Collatz Conjecture

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11 minutes ago, wtf said:

Ok good. But I'm still confused about G(139). We have 139 -> 140 -> 2^2 x 5 x 7. Now do you recurse each of 5 and 7 separately? Or recurse five copes of 7 separately? I found your earlier remark extremely confusing.

So here is where it gets a little tricky. You cant recurse 5,7 separately since they're multiplied together, but you can select which you want to recurse through.
Once you select which prime you want to recurse, you manipulate the product such that you have a copy of that prime you selected.

Suppose you select 7 then
5*7 = (5-1)7 + 7
and you can recurse through the first copy of 7 you have extracted.  Then recurse through all 5 copies of 7.    Unfortunately my gut is saying im missing something here or something isnt quite right.  I need to go find and look at all my notes again.    Something is a little off, but its also very late.    I'm gonna think about it and see if I can't remember whatever it is that's lurking in the shadows of my mind.

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20 hours ago, Zolar V said:

I'm american, though the problem with my grammar is likely the product of not talking very much to anyone else.

I didn't want to implicate anything, just curious. In fact I just finished a research paper joint with two japanese and one korean colleague. I had to play grammar police quite a bit, so it is getting more easy for me to predict where the pitfalls lie.

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I think as we work through this i'm having new ideas about it,  here is one of them:

maybe it would make sense to first state that any natural number can be written as a non distinct sum of primes.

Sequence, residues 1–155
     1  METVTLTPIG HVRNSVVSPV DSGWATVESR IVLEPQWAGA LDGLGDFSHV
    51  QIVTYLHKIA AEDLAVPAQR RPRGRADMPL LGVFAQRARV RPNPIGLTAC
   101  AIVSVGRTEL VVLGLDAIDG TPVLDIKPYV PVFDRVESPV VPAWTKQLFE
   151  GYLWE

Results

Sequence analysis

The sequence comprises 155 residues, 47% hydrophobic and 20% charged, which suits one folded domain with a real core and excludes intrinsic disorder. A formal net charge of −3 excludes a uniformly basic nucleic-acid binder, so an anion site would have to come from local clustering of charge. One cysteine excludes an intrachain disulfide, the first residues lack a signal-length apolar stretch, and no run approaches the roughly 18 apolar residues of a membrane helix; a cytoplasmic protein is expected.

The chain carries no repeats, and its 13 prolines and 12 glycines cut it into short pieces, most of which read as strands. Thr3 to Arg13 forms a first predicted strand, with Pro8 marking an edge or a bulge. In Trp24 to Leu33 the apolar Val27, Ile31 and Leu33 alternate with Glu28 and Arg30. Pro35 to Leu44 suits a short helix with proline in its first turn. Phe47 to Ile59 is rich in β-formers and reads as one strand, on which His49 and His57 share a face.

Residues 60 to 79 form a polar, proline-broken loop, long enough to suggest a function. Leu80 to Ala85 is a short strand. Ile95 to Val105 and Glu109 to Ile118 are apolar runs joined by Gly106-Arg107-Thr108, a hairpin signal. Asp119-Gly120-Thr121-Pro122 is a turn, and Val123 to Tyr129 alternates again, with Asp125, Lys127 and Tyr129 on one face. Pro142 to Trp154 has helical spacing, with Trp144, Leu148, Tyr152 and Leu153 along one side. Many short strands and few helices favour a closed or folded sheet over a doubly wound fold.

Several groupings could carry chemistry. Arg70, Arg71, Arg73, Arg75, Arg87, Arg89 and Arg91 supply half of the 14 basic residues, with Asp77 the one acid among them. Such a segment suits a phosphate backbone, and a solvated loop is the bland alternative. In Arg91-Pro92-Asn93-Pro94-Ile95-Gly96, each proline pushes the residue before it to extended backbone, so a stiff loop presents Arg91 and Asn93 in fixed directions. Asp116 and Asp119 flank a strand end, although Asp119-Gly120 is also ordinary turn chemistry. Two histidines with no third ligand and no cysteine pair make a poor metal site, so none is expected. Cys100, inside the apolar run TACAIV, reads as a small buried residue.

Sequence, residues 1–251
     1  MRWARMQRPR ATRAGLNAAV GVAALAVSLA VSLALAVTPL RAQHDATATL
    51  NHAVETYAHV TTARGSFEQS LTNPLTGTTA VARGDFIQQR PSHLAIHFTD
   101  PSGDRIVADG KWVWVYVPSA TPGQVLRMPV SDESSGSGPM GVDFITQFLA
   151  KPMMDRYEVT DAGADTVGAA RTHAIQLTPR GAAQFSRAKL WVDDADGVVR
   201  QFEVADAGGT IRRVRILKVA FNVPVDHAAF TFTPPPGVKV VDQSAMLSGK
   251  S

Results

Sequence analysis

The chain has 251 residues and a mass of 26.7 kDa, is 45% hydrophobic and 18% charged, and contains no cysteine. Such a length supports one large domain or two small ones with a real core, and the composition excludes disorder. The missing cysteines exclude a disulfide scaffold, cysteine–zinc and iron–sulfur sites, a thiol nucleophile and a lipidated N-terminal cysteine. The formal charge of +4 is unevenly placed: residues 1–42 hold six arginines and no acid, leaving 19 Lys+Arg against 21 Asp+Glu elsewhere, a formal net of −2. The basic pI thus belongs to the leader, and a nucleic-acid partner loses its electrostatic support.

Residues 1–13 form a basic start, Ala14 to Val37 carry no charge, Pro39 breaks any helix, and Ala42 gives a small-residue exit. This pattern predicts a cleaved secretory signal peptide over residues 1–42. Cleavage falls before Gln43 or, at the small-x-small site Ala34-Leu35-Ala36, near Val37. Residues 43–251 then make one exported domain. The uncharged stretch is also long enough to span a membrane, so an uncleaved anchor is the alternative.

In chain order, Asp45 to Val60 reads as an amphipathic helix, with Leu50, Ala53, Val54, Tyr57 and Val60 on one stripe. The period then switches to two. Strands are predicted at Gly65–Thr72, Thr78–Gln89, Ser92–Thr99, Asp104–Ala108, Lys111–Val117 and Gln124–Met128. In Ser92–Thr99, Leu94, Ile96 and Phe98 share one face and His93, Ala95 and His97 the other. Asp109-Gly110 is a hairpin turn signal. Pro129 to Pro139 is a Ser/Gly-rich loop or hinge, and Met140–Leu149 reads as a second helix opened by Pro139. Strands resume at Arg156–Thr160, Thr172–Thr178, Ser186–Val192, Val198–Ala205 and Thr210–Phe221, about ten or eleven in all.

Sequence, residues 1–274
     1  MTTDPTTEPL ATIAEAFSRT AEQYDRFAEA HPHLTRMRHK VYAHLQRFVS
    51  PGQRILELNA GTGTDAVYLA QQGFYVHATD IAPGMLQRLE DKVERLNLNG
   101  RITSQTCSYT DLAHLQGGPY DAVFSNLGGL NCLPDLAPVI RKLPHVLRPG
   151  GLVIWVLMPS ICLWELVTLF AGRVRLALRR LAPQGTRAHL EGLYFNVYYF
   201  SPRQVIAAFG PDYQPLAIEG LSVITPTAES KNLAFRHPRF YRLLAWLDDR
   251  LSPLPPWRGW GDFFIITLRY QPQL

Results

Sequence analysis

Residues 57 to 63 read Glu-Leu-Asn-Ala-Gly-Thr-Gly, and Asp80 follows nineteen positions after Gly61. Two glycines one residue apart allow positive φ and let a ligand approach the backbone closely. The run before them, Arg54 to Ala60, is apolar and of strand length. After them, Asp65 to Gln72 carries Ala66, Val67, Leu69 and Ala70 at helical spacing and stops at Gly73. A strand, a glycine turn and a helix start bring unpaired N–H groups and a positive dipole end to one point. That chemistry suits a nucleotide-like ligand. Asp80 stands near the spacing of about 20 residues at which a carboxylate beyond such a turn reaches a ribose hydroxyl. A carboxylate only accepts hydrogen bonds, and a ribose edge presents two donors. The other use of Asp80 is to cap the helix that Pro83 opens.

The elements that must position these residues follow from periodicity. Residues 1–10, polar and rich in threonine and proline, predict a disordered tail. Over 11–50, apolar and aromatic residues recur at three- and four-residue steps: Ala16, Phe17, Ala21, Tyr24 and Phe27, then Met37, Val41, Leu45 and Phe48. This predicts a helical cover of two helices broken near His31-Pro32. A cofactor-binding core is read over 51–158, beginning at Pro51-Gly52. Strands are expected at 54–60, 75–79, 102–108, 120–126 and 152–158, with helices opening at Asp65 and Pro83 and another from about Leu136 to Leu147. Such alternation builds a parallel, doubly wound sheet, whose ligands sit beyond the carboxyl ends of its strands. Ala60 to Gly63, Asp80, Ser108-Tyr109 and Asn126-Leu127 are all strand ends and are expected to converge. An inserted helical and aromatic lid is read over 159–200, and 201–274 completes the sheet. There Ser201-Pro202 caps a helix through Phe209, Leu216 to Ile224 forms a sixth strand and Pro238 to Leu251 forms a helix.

E.G 3*7 = 3 +3+3... +3  or  7+7+7

The proof if we need to show it could probably be a straight forward one.
Suppose there exists a natural number  that is not a sum of primes.
by the fundamental theorem of arithmetic, n is either prime or a product of primes.
Case 1:  n is prime
if n  is prime then
n =  n  ;  lower index = 1, upper index = 1
Case 2: n is a product of primes
if n is a product of primes then
n = 2^r * p_1.. *p_i  =   ∑ p_i  ; lower index=1, upper index = 2^r *p_1 *p_2 *...p_(i-1)

Since n is either a sum of itself or a sum of primes given by the prime factorization then there does not exist a natural number that is not a sum of primes and all natural numbers greater than 2 are sums of primes.  I suppose this also says that any number is either a sum of itself or has a i number of equivalent sums of primes.

The purpose in stating that any natural number can be written as a sum of primes is to validate our G function on all natural numbers.

G is still G(p) = p + 1  ;  p is an element of Natural numbers and is prime.

Here i am saying you need 2^r *p_1 *p_2 *...p_(i-1) iterations of G on H(k) in order to add 1 to each prime p_i.
you would be left with each (p_i + 1) = 2^m * q  .  so you would have  2^r *p_1 *p_2 *...p_(i-1) many (2^m * q)